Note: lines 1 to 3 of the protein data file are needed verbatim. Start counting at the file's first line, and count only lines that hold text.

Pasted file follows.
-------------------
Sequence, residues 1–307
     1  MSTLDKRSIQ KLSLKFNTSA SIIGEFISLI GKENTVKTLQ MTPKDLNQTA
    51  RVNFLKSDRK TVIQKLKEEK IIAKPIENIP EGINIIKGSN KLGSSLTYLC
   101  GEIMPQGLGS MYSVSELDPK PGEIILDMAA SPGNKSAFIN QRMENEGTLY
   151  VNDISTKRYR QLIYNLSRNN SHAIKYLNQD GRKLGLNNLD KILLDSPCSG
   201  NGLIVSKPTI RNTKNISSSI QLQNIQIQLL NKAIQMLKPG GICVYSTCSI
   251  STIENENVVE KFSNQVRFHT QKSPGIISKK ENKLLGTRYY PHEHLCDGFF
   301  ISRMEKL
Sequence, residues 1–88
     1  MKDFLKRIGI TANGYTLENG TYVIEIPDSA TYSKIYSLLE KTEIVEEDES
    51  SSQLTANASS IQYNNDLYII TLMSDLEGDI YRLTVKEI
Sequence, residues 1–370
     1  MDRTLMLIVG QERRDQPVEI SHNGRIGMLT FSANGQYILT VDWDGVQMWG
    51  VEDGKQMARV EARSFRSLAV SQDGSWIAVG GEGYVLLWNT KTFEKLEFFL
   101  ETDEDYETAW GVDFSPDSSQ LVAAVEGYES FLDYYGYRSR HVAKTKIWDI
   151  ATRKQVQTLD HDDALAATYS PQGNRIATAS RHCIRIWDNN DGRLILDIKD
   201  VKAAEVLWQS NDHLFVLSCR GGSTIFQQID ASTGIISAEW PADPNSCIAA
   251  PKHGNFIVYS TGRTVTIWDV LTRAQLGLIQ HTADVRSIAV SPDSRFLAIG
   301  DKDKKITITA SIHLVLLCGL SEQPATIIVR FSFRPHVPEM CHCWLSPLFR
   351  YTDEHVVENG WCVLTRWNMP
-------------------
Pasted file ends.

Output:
Sequence, residues 1–307
     1  MSTLDKRSIQ KLSLKFNTSA SIIGEFISLI GKENTVKTLQ MTPKDLNQTA
    51  RVNFLKSDRK TVIQKLKEEK IIAKPIENIP EGINIIKGSN KLGSSLTYLC